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I Still Don't Understand What Obliques Are For


26 replies to this topic

#21 dezorz

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Posted 04 March 2018 - 11:30

geha nibs are very soft. i dont have pelikans, but softer than montblanc nibs from that  era. i like it a lot. on the other hand, out of 7 geha nibs i have 4 of them were/are quite scratchy. ( i have golden fs, ms, bs, ef, steel km, ms, steno) the FS (OF) is the best nib i have ever tried.  metal KM belongs among the  best metal nibs I have tried.

 

 

 

Two posters I respect, stated the Geha nib is a tad better than the Pelikan one....so I tested my 4 Gehas vs 5-6 Pelikans from that era, and was so by a tad. Geha does make a good steel nib....on the 790....so don't be put off by a steel 790....it's as good as gold.



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#22 Bo Bo Olson

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Posted 04 March 2018 - 18:34

Scratchy nibs are mostly misaligned nibs............with your loupe see which is the up nib, with your thumbnail, from the breather hole press down so the up tine is under the lower tine...hold for 2 to three seconds, check, try it again, it might take 3-4 tries.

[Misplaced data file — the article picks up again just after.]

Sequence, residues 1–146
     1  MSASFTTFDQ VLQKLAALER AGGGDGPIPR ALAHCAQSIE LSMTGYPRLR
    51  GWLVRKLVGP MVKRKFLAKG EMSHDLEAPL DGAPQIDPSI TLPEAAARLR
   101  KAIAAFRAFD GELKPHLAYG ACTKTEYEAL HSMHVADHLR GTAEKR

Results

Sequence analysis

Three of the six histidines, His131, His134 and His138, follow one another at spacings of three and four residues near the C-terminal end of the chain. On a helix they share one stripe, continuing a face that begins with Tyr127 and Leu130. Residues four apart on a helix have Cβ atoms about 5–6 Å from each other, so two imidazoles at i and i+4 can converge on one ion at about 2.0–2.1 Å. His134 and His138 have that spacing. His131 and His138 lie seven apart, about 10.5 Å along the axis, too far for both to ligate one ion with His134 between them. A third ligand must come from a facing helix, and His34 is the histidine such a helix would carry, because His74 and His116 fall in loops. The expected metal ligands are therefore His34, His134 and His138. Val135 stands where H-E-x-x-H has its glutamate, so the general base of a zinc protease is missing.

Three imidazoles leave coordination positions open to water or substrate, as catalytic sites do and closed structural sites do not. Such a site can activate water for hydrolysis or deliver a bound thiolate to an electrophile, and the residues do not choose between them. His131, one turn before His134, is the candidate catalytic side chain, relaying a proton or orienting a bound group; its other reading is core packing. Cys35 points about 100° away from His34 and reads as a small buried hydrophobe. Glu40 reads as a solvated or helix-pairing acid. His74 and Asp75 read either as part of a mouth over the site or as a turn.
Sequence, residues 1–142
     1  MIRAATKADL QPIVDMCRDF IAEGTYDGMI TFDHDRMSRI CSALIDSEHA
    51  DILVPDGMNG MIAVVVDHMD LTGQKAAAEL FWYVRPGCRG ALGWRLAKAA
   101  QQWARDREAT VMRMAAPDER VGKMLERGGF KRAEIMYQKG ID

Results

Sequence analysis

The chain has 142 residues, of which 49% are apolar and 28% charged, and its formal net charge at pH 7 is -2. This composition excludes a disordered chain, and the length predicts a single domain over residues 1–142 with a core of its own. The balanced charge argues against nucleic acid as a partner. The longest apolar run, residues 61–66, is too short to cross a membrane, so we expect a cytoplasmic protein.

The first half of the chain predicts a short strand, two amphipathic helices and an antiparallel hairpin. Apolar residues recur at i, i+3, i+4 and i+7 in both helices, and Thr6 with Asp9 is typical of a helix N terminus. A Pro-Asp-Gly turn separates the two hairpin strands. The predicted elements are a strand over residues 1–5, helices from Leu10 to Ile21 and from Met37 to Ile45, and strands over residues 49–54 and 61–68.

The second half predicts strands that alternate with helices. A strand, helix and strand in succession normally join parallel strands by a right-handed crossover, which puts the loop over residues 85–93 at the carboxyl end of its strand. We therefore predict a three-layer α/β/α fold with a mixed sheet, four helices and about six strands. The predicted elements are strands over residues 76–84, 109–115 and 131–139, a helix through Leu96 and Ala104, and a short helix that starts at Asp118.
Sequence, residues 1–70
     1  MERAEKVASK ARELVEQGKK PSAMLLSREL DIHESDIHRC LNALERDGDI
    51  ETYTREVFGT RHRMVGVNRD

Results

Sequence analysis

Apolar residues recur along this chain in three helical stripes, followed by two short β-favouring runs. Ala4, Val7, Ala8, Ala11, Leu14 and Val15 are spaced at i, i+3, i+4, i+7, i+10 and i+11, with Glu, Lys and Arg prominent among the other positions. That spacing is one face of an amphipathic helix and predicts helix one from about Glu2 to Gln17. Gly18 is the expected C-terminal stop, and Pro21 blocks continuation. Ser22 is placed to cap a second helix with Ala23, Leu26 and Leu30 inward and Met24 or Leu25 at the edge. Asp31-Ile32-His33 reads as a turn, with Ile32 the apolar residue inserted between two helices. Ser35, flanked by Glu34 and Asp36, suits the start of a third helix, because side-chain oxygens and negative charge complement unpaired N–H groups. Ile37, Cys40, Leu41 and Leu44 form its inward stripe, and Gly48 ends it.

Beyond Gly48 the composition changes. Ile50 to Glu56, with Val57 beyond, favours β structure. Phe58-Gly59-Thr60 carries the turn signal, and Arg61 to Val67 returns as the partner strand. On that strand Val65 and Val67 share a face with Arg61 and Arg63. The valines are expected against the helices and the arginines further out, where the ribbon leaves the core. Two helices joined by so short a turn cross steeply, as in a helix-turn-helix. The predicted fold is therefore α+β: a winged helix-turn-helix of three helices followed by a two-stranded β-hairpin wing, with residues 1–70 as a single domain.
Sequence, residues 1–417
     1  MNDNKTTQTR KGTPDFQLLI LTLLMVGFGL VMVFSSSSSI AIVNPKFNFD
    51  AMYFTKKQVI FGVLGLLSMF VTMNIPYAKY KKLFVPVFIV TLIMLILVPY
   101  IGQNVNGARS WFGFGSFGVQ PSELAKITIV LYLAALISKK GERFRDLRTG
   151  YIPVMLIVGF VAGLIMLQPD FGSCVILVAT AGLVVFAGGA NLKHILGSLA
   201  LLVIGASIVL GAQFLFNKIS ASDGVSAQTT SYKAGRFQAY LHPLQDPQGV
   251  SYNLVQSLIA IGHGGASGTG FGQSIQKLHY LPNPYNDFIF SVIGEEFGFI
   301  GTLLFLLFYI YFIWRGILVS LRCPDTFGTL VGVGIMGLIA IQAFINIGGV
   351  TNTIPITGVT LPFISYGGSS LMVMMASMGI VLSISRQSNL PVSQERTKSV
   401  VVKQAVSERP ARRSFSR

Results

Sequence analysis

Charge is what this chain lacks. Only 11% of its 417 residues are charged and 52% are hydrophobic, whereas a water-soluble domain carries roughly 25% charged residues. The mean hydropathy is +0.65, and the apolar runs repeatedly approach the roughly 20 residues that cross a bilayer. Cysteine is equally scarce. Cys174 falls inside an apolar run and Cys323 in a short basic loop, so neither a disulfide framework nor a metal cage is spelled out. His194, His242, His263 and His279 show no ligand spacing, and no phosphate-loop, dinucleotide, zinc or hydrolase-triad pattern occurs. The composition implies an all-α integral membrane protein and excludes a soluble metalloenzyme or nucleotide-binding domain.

That usually cures scratchy. I've had no scratchy Geha nibs.

The other part of scratchy is often holding a fountain pen like a ball point before the big knuckle...with your pens, not a problem for you.....could be for others....newer  to fountain pens.

 

I have had drag on many old sat in the dark of the drawer for a couple of generations, caused by 'iridium' micro-corrosion......'iridium rust'.

Back in my cheaper days I used a good quality brown paper bag for that.....but most don't know about bag quality any more..........so use only the smooth side of the buff stick....and not a lot is needed. One is not 'grinding' nor making butter smooth.....just removing the drag to get it up to 'good and smooth' the level under butter smooth.

 

To confuse things even more with 'softer' nibs of the era.....There are semi-flex and maxi-semi-flex nibs that outside of Osmia are not marked.

I chased MB slowly....in they are expensive, and checked the nibs in the live auction. I had and still have a nice semi-flex KOB, one a rolled gold 742 exactly between semi&maxi...the only one I have...27 semi\s &16 maxi's....and a nice maxi on a very well balanced  medium small 146.

 

Not counting my superflex 100n, I have three early 50's Pelikan maxi's. An Ibis, 500&400NN OF on a Pelikan to 5 semi-flex Pelikans. Three of my Geha 790/760's are semi-flex....one is a Maxi...and my 725 is semi-flex....such a different nib, I'd never expect a maxi....

So outside of Osmia, a maxi is luck of the draw. Osmia's steel nibs are as good as their grand gold nibs...so don't be a fool gold snob, like I was and avoid Geha or Osmia steel nibs.


Everyone says poor Mozart dead at only 36. None say poor Mendelson, dead at only 38. His family only allowed him to start at 20, but before, musicians use to come to the Mendelson garden to steal the music of Mendelson and his sister. A good artist also, can still buy prints of his famous Scottish drawings in Scotland.